Paddleboards popular at free demo
The Sanborn family, of Montague, tries out stand-up paddleboards at a free demonstration put on by Zoar Outdoor Saturday at Unity Park. At left, Eliot Sanborn, 6, goes solo as an instructor guides him from behind, while Chris Sanborn and daughter Rosa, 4, share a board at right.
One of several groups sets off for a trip around Barton Cove as they try out stand-up paddleboards provided by Zoar Outdoor and Bic Sports Saturday. Mike Simpson, in the big straw hat, instructs them from the middle of the pack.
Chris Sanborn and daughter Rosa, 4, center, try out a stand-up paddleboard during a free demo put on by Zoar Outdoor at Unity Park Saturday. Sanborn's son, Eliot, 6, also tried his hand at paddleboarding.
TURNERS FALLS — A new water sport has been working its way onto western Mass. rivers and lakes and Saturday, people gathered at Unity Park to take a stand on it.
“Stand-up paddleboards are the next big thing,” said Mike Simpson, outdoor enthusiast and an ambassador of the sport.
Simpson has taken his paddleboard all the way up the East Coast, from Key West, Fla., to Portland, Maine. Saturday, more than 100 people took advantage of a free “SUP” demonstration put on by Zoar Outdoor. Their one-hour tours took them for a much more abbreviated ride than Simpson’s 90-day expedition.
The paddleboards are like a hybrid between a kayak and surf board. Riders kneel, sit or stand upright, and use a single oar to maneuver. It took some time to get used to, but first-timers learned quickly with a little guidance.
“I was horrified at first, but it got easier,” said Daisy Osowski, 14, of Northfield.
“I thought I’d fall in, so at one point, I jumped off the board,” she said. Once she faced her fear of falling and realized it wouldn’t be so bad, she could focus on having fun.
Osowski and others launched from Unity Park, starting out by kneeling on their borrowed boards, then standing as they got used to paddling around. Once they had their sea legs, a guide took some of the more confident ones out to Barton Island, which they circled before coming back to shore.
Another group of about a dozen paddlers weren’t there for a tour. They were part of a unique yoga class led by Jody Fontaine.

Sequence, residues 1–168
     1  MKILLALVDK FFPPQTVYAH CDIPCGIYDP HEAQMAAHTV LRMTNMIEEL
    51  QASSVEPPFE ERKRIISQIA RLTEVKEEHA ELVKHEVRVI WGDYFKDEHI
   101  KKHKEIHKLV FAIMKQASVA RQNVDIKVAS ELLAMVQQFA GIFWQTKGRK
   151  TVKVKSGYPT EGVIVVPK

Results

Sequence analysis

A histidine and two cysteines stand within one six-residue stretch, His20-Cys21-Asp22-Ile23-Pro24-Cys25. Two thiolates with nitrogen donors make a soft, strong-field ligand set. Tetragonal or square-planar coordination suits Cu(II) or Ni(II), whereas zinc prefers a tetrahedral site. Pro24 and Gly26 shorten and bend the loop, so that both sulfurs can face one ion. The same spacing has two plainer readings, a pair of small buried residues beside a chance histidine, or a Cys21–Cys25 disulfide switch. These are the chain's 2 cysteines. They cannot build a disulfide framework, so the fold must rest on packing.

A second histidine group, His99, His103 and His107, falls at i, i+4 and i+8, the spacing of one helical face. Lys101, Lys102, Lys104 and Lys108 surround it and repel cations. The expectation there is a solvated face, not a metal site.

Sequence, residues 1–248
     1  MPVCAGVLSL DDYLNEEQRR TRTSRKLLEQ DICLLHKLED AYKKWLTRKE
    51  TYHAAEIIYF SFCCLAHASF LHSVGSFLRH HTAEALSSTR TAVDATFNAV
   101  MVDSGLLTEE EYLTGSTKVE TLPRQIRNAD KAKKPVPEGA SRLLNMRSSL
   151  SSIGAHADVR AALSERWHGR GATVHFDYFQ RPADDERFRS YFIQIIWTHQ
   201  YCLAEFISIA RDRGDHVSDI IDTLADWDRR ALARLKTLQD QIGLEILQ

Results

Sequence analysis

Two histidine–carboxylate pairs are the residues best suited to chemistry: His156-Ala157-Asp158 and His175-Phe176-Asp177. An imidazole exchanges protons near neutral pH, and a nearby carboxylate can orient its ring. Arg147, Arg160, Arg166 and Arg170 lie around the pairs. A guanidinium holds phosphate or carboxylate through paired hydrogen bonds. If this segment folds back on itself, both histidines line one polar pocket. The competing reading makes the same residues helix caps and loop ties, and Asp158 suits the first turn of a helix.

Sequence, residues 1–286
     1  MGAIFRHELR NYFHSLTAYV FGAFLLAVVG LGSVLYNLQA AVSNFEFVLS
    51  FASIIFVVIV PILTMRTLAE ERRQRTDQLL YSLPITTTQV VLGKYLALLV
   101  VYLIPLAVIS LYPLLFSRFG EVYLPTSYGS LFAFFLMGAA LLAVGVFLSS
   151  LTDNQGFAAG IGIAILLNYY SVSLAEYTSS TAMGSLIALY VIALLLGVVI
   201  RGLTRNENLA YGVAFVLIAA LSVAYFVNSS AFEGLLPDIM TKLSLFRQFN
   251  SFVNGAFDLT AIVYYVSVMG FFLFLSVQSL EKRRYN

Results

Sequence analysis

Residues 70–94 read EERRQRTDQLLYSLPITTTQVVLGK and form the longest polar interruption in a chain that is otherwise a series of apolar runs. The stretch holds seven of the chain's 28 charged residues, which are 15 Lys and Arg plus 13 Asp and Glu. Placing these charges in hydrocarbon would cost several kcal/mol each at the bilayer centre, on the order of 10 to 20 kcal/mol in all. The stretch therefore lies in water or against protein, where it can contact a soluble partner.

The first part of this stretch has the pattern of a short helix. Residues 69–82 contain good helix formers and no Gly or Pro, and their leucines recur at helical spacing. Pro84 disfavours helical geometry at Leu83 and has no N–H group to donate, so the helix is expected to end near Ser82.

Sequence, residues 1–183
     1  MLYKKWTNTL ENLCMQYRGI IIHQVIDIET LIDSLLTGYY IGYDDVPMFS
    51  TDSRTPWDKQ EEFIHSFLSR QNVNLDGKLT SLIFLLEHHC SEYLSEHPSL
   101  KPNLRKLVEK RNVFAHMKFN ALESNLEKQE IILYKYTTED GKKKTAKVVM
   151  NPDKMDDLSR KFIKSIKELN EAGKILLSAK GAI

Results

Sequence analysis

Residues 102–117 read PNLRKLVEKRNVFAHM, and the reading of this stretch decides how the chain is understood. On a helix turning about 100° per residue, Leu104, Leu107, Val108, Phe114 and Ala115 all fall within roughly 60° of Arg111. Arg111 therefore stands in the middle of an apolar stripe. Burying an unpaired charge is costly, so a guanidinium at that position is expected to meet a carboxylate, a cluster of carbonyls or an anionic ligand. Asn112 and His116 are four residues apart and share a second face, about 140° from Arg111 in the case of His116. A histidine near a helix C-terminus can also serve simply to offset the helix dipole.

“My goal is to get a fleet of paddleboards and have paddleboard yoga classes in the spring, summer and fall,” said Fontaine, who runs Pure Yoga and Wellness Studio in Sunderland.
Fontaine likes to combine yoga with outdoor activities. She leads a series of yoga hikes, where her class treks up Sugarloaf Mountain, which helps them limber up before they practice the meditative exercise on the mountaintop.
She’s also done four-hour kayak and yoga trips, going ashore in scenic areas for the yoga element. Saturday, she ran two paddleboard yoga classes.
“I thought it went alright, though it was a little choppy on the water,” said Tammy Thompson of Sunderland. “Only one woman fell off her board, out of about a dozen of us.”
Thompson is a regular at Zoar’s Wednesday night sunset SUP clinics, though she’d never tried yoga on a board before.
Most people get the hang of paddleboarding pretty quickly, said Greg Poehlein, retail manager at Zoar.
“We’ve done some free demonstrations where not a single person fell off the board,” he said. Zoar has been involved in paddleboarding for about three years and put on several events to introduce people to the sport.
The boards themselves have been around for a while, though they’re most popular on the coast.
“It’s been getting more popular inland,” he said. “A lot of people see it when they travel to the coast and want to try it out.”
He said Saturday’s demo was a great success. The company took 96 pre-event reservations, and had plenty of walk-ins, too. When Zoar saw the response they got before the event, they lined up some extra boards. Simpson, who represents Bic Sports, brought plenty of his company’s paddleboards as well, and between Bic and Zoar, there were about 30 boards for the taking.
Those boards didn’t spend much time on dry land Saturday.
“People were already lined up when I got here at 7:15 this morning,” said Simpson. “I thought they were joggers, but no. They said they were here to paddle. We didn’t even start until 8:30; they waited over an hour!”
The last hourly tour hit the water at about 3:30 p.m. Later, Simpson shared stories and slides from his 90-day paddleboard pilgrimage from Key West to Maine as a benefit for the Wounded Warrior Project.
He and a friend boarded all the way up the East Coast, their gear lashed to their touring-style boards.
Simpson has paddled boards, kayaks and other craft all over the country and he’s also no stranger to Barton Cove.
“I paddleboarded the Connecticut River from Canada to the ocean; it’s beautiful country,” he said. “We stayed the night at the Barton Cove campground.”
Next demo: Sept. 11
If you’d like to give paddleboarding a try, there are still a couple of free chances to get your feet wet this season. Zoar’s Wednesday night events will be held weekly from 6 to 8 p.m. until Sept. 18 at the East Charlemont boat ramp. For more information, call Zoar Outdoor, at 800-532-7483.
David Rainville can be reached at:
or 413-772-0261, ext. 279